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The next step required another pair of hands, as we had to hold the boards together while adjoining them with the right angle joint.

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The boards fit together nicely, but still left a small gap. I knew this wasn’t going to be a huge issue because I was going to caulk and paint everything again.

I placed the newly formed collar on the freezer one more time to see how it fit… pretty good.

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I then caulked up all my edges and smoothed them out.

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After this it got another round of Kilz paint job.

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While the paint was drying I started assembling my parts, starting with the liquid side. I got some nice Krome passthroughs (as seen below) that had built in barbed nipples and faucet adapters, or whatever they’re called. This was more convenient than buying the passthrough, MFL tail piece, beer washer, and wing nut… and the faucet connector part. Whatever, this was convenient and worked super well. See picture below.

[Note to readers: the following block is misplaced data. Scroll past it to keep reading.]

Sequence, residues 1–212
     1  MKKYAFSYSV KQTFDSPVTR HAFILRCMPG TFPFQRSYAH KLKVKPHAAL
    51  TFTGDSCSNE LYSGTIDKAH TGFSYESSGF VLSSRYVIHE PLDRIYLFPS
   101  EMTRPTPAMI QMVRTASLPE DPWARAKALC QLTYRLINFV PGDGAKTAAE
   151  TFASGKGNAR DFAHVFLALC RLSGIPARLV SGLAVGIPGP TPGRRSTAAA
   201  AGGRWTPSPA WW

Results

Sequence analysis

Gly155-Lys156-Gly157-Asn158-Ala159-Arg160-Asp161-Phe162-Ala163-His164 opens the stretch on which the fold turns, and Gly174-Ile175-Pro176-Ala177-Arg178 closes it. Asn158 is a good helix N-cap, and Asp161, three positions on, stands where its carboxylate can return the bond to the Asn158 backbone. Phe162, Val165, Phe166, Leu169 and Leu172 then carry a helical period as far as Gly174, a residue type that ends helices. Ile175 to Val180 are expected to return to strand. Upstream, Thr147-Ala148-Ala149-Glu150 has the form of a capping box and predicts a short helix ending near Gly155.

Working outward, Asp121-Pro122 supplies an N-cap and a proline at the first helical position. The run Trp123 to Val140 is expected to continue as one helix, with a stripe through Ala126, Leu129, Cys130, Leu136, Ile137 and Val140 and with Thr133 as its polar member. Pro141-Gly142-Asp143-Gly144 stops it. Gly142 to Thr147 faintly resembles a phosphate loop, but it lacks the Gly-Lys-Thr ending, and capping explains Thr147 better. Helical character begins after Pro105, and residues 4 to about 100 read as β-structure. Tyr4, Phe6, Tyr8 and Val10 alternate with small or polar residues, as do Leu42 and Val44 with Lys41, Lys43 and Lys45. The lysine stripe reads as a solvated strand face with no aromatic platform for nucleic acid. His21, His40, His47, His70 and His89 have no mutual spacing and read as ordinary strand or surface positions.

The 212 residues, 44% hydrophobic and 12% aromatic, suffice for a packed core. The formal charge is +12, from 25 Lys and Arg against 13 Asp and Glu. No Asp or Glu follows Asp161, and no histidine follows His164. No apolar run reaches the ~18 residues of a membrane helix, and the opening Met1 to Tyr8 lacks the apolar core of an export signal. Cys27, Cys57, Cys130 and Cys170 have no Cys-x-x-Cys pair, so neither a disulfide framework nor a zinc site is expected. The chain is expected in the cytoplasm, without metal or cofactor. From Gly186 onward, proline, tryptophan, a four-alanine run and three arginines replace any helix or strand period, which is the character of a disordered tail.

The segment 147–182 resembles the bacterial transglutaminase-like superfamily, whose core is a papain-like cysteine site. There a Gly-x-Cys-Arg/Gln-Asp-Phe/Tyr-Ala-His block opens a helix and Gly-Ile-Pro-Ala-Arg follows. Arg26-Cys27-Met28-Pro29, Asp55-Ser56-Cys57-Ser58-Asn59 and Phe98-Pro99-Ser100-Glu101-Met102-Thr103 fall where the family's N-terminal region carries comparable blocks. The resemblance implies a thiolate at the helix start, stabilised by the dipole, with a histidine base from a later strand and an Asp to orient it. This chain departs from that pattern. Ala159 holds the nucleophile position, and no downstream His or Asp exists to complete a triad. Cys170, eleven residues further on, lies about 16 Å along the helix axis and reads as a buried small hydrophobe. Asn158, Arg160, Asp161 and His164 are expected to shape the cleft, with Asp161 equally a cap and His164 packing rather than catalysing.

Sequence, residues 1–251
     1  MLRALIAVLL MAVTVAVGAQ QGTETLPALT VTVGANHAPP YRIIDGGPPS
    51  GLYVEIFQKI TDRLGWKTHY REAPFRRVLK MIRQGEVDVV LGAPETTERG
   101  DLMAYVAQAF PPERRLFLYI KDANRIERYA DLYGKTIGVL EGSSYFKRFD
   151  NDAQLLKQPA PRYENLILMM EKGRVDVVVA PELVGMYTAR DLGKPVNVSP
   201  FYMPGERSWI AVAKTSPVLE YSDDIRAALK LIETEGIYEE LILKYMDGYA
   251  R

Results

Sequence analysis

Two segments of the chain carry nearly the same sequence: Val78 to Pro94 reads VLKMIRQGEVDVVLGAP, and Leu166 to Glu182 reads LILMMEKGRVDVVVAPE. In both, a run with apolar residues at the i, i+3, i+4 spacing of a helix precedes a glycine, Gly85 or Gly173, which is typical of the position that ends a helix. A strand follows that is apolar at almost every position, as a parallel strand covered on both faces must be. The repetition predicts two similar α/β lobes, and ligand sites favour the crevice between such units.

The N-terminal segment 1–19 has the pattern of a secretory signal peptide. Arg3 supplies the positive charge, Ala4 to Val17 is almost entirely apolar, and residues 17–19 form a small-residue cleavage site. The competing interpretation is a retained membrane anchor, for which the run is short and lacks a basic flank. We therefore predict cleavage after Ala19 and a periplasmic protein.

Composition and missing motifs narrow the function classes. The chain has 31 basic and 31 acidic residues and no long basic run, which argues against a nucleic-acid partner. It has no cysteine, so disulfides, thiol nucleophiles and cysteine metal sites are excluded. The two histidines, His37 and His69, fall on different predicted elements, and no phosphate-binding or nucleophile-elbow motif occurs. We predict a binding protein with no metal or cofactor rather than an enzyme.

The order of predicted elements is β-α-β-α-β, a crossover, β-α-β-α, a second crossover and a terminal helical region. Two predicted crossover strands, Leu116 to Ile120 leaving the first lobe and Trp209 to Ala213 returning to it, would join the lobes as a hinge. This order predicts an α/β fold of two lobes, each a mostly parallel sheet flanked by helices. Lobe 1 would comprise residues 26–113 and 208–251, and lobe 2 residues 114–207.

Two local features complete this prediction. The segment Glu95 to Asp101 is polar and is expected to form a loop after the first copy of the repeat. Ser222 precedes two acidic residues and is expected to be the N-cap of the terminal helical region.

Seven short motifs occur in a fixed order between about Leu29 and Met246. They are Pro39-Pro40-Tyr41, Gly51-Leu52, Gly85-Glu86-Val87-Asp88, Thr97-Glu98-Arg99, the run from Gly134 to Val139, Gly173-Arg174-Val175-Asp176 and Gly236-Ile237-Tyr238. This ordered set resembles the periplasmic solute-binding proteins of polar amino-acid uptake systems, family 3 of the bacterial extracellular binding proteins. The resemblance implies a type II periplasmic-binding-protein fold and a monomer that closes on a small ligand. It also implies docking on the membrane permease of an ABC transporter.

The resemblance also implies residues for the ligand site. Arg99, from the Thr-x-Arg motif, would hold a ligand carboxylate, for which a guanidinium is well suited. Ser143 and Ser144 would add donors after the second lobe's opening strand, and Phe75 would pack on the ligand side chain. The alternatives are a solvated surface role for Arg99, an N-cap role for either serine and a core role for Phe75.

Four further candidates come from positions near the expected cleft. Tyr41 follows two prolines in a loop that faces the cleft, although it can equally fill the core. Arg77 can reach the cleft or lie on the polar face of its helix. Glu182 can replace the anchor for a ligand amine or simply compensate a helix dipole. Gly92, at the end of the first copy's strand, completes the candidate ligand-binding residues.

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I easily assembled the faucet to the passthrough, and the tap handle to the faucet. The faucet went on better with the help of a faucet wrench.

Next I assembled my beer line to the black beer connectors via swivel barbs and clamps. The beer line is a real bitch to get onto the barb, so soaking it in some hot water helped cram it onto the barb, where it was then clamped on.

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I put these aside for now to focus on my newly dried collar, and attaching it to the freezer. I used the same Gorilla Glue caulk that I used earlier to seal the collar to the freezer.

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I placed the lid on, adjusted it into place, and then added some full kegs, water jugs, and a full CO2 tank for weight.